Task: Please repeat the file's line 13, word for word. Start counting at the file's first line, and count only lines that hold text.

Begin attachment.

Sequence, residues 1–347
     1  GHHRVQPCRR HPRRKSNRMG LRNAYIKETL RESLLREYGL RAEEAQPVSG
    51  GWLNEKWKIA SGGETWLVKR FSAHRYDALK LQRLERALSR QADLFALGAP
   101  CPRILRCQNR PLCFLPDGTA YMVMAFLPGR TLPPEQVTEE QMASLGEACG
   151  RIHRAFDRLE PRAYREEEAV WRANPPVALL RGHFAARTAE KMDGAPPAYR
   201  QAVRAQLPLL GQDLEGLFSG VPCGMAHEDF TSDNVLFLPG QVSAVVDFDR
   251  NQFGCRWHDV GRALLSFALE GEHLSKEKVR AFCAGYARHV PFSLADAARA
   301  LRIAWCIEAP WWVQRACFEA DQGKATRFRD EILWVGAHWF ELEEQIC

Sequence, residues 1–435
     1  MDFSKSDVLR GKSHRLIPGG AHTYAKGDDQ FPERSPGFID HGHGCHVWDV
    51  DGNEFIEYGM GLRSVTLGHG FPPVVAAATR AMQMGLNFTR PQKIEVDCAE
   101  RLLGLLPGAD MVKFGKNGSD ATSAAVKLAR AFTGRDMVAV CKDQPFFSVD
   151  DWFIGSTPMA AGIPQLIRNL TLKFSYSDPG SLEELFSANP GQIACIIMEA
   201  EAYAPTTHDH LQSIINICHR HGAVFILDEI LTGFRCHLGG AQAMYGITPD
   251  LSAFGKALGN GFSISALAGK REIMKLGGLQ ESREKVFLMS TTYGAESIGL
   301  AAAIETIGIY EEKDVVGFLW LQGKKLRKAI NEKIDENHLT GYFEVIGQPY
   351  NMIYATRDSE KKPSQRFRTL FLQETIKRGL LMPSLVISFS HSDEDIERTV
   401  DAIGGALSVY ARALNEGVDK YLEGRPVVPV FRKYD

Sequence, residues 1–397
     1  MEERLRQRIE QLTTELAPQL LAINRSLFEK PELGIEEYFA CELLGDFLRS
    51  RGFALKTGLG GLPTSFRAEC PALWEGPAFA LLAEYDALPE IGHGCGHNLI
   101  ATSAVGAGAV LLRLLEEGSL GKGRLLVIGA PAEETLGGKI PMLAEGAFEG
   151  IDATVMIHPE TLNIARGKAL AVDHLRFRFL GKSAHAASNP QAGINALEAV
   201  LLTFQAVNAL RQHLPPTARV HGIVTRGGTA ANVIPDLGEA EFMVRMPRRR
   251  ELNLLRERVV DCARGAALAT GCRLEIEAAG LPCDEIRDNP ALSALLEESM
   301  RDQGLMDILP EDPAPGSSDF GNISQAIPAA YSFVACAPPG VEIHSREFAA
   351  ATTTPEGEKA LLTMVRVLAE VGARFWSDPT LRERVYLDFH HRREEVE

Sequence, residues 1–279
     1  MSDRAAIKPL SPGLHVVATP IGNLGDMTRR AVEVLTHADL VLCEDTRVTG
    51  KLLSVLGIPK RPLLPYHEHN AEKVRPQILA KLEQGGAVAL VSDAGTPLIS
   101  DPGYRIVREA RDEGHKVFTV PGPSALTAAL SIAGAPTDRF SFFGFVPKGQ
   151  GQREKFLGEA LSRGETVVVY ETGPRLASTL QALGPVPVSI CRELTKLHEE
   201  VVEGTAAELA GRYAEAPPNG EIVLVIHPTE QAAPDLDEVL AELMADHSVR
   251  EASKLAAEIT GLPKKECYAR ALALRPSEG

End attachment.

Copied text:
   151  DWFIGSTPMA AGIPQLIRNL TLKFSYSDPG SLEELFSANP GQIACIIMEA